With recent reports of governments spying on their citizens -- and spying on each other -- using encryption tomore
With recent reports of governments spying on their citizens -- and spying on each other -- using encryption to secure our files and communications is an important step in guarding your data and privacy and staying secure.
You can find dedicated tools to encrypt files, hard drives, Internet traffic, and data stored in the cloud.
While Gmail does a good job of protecting your privacy, it does scan your email to display relevant ads. (Google goes out of its way to tell you no one is reading your email, however.) But if the thought of your email being automatically scanned makes you nervous, check out an email service like ProtonMail, which keeps your email encrypted end to end -- from you, to its servers, to your recipient.
A VPN, or virtual private network, creates a secure tunnel through the Internet, encrypting your data as it travels over a public network. A VPN can skirt geographical content restrictions and evade content filtering and censorship. You can find free and paid VPNs, but unless your needs are slight, it's worth subscribing to a trusted service, such as iVPN or AirVPN.
The Tor browser, from the nonprofit Tor Project, is designed to keep your Internet traffic private, allowing you to surf the web and chat anonymously. Tor consists of a modified Firefox browser and a collection of tools that work together to keep communications anonymous.
Google and other major cloud services may encrypt what you store on their cloud servers, but you often have limited control over how your data gets encrypted and who can decrypt it. If you want more control, check out a service like Mega, which handles encryption and decryption on your end, putting you in control of your data. If you'd rather not switch cloud services, however, try Cryptomator, which lets you store encrypted files on Dropbox, Google Drive, OneDrive, and other cloud services.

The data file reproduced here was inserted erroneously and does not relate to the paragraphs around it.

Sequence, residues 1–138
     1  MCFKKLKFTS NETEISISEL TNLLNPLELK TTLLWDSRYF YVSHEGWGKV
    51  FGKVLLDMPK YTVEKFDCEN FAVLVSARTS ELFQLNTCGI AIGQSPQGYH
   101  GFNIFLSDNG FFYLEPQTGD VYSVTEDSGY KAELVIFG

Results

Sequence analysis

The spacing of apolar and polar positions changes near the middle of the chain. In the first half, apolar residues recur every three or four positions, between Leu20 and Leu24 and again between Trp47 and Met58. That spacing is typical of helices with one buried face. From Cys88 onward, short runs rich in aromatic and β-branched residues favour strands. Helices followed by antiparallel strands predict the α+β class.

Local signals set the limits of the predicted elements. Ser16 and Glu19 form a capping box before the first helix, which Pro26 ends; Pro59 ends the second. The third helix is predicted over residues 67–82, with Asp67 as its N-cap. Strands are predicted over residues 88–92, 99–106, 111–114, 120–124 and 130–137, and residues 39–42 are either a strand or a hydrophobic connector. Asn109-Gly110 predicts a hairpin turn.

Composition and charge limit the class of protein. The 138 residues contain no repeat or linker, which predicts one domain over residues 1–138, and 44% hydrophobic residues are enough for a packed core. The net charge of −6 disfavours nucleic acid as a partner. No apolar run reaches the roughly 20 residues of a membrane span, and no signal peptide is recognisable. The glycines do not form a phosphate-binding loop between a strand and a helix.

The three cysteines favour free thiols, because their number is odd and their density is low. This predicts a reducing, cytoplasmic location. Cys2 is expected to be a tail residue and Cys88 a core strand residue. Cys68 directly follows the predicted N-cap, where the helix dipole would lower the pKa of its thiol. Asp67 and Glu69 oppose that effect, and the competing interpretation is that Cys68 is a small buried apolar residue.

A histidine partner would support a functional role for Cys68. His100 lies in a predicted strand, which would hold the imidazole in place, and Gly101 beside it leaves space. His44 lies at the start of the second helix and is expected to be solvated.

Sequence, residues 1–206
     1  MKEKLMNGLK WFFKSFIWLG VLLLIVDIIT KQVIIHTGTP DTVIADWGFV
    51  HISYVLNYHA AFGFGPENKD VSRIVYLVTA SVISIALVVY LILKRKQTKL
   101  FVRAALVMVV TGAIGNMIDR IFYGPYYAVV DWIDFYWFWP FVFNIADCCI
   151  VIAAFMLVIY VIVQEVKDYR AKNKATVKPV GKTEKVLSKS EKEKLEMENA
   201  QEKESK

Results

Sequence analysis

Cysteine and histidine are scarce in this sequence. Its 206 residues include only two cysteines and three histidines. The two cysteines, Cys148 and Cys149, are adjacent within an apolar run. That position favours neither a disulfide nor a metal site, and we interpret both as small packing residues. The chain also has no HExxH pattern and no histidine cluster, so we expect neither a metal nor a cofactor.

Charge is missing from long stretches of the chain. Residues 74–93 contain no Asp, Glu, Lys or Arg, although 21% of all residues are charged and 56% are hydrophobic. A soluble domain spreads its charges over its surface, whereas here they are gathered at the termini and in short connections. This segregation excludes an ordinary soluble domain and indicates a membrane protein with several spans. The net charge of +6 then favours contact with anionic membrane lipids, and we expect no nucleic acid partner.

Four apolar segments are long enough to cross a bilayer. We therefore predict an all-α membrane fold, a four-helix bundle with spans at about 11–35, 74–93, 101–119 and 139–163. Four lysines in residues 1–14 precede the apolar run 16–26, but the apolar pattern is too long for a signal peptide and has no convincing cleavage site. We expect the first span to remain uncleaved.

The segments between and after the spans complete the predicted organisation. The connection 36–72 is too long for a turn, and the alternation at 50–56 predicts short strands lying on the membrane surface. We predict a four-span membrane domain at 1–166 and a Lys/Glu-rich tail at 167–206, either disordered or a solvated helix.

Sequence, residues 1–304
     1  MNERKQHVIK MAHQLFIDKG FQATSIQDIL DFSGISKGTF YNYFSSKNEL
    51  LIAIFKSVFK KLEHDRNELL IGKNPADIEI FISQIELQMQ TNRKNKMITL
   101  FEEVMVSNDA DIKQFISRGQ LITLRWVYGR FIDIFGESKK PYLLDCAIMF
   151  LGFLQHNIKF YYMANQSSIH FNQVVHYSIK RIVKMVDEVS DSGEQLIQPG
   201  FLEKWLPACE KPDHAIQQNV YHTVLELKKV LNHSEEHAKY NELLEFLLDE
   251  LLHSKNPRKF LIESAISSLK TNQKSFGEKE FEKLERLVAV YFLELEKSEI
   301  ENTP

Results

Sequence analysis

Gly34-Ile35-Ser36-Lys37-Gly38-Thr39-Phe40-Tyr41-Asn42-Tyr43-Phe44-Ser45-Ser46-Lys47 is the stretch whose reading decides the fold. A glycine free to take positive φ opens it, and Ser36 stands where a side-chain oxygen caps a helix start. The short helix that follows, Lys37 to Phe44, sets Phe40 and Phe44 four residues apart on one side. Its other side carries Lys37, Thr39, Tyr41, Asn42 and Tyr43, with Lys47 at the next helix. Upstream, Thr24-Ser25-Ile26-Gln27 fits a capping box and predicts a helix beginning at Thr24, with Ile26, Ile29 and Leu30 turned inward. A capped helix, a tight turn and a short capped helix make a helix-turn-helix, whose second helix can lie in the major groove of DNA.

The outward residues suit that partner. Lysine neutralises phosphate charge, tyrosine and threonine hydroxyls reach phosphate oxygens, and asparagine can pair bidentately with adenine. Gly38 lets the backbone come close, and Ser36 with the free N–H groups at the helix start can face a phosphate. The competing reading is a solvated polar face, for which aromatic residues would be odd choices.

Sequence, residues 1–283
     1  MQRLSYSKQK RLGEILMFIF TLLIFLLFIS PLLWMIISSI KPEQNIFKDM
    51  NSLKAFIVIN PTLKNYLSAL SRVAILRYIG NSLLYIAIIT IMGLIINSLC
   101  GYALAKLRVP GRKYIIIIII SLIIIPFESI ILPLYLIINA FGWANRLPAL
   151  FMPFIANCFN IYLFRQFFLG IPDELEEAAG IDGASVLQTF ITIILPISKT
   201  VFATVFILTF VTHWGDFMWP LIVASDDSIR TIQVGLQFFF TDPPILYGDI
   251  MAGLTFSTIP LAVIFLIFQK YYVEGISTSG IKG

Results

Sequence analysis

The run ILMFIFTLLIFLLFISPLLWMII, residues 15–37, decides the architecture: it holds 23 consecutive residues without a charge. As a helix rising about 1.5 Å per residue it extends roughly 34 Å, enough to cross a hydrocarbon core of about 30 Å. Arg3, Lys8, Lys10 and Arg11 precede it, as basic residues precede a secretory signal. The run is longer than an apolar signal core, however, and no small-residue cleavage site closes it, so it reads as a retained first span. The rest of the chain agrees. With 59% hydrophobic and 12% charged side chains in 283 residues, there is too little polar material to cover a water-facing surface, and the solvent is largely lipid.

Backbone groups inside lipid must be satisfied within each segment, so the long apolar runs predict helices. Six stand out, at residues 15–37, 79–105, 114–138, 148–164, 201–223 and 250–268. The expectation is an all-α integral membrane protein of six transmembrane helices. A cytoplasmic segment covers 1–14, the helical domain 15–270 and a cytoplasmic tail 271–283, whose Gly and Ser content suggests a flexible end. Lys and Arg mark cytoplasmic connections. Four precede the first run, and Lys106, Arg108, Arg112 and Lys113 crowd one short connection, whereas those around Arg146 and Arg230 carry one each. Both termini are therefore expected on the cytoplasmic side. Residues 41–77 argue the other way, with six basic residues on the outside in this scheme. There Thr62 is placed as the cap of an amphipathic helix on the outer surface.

Both Whatsapp and Facebook Messenger offer end-to-end encryption for messages. And both rely on encryption technology from Open Whisper Systems, maker of its own trusted -- and end-to-end encrypted -- app, Signal. If you'd like to go to the source, Signal has iOS and Android messaging apps and a desktop version you can link to your mobile account. And you make secure voice and video calls as well as send text messages.
The Windows Bitlocker disk encryption tool lets you encrypt the contents of your hard drive to guard against someone accessing your computer and stealing your data. If you'd rather put your trust in an open-source tool, Veracrypt is a respected free disk encryption software for Windows.
For disk encryption, Veracrypt is a free and open-source disk-encryption tool for Windows, based on the no-longer-maintained TrueCrypt tool.
If you are looking for a virtual private network, for $8.33 a month, you can run the respected IVPN on three devices -- including Windows, Mac, iOS, and Android -- and get access to nearly three dozen servers in 13 regions.
For email, ProtonMail offers free end-to-end email encryption via iOS and Android apps and web-based email.
To encrypt files stored in cloud services, the free Cryptomator software handles file encryption on your side, letting you upload encrypted files to any cloud service.
For cloud storage, Mega gives you 50GB of free cloud storage space with your files encrypted and decrypted on your end, giving you control over encryption. 4TB of encrypted storage runs less than $10 a month.
For secure messaging, the free Signal communications service lets you hold end-to-end encrypted text, voice, and video chats on mobile phones and via a browser extension.
Want a secure Web browser? The free Tor Browser can help you stay secure and anonymous on the Internet.